Data were transferred to Stata13 for analysis. Test of proportions was used to assess the change in self-reported awareness of HPV and cervical cancer before and after the vaccine campaign. We assessed the relationship between vaccine acceptance (self-reported provision of consent) and potential explanatory variables using logistic regression, employing the method of marginal models estimated using Generalised Estimating Equations (GEE) with information sandwich estimates of variance. GEE was used given the potential for clustering by school. These analyses were performed in Stata using the xtgee command. Simple (univariate) GEE was initially performed to examine the relationship between vaccine acceptance and each explanatory variable of interest, followed by multivariate GEE including explanatory variables found to be significant associated with consent in univariate analysis or considered to be potential confounders.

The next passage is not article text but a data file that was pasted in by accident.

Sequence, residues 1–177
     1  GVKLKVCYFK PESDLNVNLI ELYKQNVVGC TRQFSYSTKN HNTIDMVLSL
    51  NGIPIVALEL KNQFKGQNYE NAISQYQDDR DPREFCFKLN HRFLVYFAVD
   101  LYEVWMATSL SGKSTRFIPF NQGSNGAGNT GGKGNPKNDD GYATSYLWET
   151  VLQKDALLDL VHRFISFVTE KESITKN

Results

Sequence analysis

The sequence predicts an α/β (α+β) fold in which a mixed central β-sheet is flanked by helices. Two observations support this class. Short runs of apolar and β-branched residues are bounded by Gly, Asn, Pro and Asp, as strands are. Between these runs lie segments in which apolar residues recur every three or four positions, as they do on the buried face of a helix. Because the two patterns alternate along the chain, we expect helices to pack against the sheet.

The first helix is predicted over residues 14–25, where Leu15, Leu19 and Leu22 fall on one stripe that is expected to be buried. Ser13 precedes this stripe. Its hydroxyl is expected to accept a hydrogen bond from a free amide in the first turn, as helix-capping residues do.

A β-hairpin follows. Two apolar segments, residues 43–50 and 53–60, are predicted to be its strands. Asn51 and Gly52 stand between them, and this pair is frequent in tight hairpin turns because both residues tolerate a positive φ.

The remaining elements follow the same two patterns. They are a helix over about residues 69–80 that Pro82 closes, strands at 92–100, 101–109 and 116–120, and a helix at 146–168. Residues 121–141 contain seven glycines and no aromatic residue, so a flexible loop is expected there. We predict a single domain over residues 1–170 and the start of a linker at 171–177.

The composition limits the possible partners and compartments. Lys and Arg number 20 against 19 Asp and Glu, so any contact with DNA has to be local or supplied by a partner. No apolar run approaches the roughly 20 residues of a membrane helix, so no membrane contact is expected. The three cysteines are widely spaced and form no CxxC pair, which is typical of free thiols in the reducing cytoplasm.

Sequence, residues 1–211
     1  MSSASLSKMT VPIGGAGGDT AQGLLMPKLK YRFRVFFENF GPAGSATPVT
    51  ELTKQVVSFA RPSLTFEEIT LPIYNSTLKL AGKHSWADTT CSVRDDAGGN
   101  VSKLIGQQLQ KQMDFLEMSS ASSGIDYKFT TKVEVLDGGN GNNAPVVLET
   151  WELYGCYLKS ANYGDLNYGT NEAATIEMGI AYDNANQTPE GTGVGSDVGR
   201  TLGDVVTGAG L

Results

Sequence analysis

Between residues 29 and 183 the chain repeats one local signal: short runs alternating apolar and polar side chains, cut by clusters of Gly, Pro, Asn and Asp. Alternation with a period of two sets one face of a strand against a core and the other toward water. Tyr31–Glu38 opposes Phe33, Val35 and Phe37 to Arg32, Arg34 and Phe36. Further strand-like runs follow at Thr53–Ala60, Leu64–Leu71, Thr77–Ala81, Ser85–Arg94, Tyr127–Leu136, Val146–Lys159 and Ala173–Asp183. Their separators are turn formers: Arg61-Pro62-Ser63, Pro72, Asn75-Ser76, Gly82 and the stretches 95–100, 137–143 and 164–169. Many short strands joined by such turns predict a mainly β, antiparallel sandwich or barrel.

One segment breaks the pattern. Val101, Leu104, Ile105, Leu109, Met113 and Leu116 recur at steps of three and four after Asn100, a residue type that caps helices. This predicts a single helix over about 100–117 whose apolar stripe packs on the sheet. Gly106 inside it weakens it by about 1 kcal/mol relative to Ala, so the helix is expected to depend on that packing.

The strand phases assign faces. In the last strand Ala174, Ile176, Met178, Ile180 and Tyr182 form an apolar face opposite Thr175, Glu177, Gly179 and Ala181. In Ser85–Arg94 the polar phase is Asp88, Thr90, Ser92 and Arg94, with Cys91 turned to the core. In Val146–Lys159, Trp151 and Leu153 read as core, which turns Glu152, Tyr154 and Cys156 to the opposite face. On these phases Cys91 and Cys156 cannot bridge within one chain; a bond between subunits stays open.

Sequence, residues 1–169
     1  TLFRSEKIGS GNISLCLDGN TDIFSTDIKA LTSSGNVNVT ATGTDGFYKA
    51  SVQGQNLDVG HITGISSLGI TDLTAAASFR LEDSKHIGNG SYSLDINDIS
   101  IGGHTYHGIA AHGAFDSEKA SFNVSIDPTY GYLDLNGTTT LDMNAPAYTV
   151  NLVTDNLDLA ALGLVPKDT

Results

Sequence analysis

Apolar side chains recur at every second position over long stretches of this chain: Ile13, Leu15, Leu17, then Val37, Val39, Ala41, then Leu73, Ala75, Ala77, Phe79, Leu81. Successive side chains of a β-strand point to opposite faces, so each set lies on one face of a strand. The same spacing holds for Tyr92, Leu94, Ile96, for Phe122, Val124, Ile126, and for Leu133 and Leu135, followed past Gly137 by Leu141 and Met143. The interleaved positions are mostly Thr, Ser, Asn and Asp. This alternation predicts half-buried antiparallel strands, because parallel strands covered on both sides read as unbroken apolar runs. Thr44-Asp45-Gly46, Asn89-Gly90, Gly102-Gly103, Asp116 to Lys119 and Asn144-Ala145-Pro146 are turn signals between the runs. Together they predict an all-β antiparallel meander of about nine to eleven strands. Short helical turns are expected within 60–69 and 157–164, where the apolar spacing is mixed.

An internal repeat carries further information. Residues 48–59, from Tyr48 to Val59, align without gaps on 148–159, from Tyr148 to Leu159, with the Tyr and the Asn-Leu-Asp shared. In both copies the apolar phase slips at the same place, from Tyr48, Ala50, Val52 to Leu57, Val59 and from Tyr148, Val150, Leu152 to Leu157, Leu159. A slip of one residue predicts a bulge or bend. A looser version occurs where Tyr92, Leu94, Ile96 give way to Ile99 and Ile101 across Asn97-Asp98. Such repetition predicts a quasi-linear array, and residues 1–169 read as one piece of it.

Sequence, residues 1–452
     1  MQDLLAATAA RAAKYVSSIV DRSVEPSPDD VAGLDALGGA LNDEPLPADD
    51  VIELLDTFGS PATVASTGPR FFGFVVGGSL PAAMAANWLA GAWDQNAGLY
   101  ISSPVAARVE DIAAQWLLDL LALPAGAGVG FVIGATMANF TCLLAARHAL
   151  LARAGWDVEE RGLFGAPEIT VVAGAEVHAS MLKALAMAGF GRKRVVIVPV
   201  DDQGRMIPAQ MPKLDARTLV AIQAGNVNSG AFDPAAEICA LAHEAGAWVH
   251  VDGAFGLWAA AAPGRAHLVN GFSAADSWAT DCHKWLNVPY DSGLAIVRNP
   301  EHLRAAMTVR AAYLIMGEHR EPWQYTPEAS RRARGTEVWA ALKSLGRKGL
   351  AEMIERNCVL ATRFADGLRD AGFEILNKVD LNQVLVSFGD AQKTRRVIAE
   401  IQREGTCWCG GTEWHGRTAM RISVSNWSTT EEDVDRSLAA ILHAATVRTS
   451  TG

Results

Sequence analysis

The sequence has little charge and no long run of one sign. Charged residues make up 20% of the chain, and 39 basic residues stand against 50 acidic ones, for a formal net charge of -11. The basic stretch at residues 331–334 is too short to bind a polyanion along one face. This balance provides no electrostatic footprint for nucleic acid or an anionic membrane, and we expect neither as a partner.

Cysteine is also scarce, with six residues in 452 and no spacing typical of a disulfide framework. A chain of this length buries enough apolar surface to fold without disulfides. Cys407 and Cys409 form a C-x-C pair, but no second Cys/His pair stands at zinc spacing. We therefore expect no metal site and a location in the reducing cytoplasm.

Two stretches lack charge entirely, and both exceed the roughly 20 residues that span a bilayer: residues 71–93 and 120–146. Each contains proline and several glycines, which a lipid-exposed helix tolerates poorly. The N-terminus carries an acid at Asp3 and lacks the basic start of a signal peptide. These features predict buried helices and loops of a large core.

The survey was undertaken from November 2009 to March 2010, following scheduled delivery of the third dose of the HPV vaccine. The study was approved by the Fiji National Research Ethics Review Committee, and the Human Research Ethics committee of the University of Melbourne, Australia.
Survey participation and sample characteristics
Of the 25 schools randomly selected for participation, three schools were excluded as they were subsequently identified to be schools for boys only. A further three schools from a remote northern region were excluded due to communication difficulties following a cyclone. All of the 19 remaining randomly selected schools agreed to assist.
Class lists provided by the schools indicated that a total of 560 vaccine-eligible girls attended the participating 19 schools at the time of the campaign. Among these 560, 247 parents could not be reached by the research team due to incorrect or missing phone number. Among the 313 parents who were contacted and invited to participate, a total of 293 agreed (93.6 %).